Chevy K5 Blazer
One of the coolest trucks to roll out of the factory with a shell and two doors, the original K5 Blazer maintains its place in the Toughest Trucks Hall of Fame! Thanks to its relatively small size, strong frame, simple drivetrain, and reliable line-up of motors. You could pick up the K5 with a very reliable straight-6 available in 250 or 292 cubic inches, or you could ramp it up with a traditional 5.0-liter powerplant. Of course, K5 truly earned its title as a Tough Truck thanks to the ultra-reliable Chevy 350. The original K5 Blazer was introduced in 1969 with a short wheelbase that hosted 4-wheel-drive only. In 1970, Chevy expanded the lineup and offered the K5 in a two-wheel-drive configuration that even featured independent front suspension – a rare feature seen on trucks in the 70’s.
The Blazer was developed as a direct competitor to another favorite on our Tough Trucks List, the Ford Bronco. Both trucks were originally built to compete with the legendary Jeep CJ series. Sending power to the wheels meant choosing between a simple three-speed Turbo Hydromatic transmission, the TH350, or a three- or four-speed transmission developed by Synchromesh. All these power transfer units maintained reputations of reliability and ruggedness, complementing the K5’s allure. Tying everything together was an overbuilt C-frame that could take a beating and generally resisted rust better than any box frame on the market at the time.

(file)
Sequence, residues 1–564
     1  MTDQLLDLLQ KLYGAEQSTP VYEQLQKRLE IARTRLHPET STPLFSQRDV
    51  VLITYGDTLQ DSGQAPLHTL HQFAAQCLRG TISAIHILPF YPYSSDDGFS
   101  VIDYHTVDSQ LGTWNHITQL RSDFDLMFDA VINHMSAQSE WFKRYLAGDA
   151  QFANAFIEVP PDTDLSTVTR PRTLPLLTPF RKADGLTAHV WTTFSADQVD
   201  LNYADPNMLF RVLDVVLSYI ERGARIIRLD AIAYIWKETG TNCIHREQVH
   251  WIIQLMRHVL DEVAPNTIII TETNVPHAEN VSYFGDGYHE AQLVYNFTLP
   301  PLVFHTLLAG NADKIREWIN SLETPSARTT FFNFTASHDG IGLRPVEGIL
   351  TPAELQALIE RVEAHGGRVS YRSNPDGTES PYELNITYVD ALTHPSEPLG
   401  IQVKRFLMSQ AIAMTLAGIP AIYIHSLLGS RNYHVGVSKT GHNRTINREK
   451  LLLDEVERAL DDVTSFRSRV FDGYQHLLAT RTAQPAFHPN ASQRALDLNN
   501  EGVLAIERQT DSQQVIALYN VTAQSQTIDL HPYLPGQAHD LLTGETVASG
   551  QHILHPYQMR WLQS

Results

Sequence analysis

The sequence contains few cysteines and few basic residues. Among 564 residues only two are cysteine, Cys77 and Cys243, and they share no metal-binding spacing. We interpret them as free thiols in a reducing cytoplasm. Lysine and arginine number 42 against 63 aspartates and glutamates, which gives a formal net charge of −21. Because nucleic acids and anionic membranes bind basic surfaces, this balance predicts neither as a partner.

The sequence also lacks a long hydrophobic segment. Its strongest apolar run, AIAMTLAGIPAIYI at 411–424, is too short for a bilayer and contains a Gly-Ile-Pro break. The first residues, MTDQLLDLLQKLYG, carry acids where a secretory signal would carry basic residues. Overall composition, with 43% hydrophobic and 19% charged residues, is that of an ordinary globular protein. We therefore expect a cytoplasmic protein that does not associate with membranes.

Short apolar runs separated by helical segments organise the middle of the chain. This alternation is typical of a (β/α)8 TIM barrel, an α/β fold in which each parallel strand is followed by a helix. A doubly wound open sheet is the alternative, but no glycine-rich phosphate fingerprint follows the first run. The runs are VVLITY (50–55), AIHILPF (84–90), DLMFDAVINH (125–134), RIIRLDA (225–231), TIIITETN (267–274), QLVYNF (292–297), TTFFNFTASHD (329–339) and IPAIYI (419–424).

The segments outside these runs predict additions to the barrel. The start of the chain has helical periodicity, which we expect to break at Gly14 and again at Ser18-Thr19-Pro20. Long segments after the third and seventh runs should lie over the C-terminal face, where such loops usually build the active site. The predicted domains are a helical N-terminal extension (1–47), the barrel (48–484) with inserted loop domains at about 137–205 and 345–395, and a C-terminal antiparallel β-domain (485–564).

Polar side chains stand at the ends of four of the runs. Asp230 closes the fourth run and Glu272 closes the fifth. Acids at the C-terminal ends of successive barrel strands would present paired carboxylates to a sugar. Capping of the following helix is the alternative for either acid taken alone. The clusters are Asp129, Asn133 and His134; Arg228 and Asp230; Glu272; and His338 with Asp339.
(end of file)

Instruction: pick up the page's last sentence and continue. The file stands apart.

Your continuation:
The K5 Blazer continued production after its 1969-1972 run under the GMC Jimmy label, finally ceasing production in 1991. During those decades, the K5 was a favorite among family members, mud runners, and cross-country haulers. Original K5 Blazers can be found for relative pennies on the dollar with over 200,000 miles on their powertrain, still running strong with original heads, transmissions and even original suspension components, like control arms and shocks.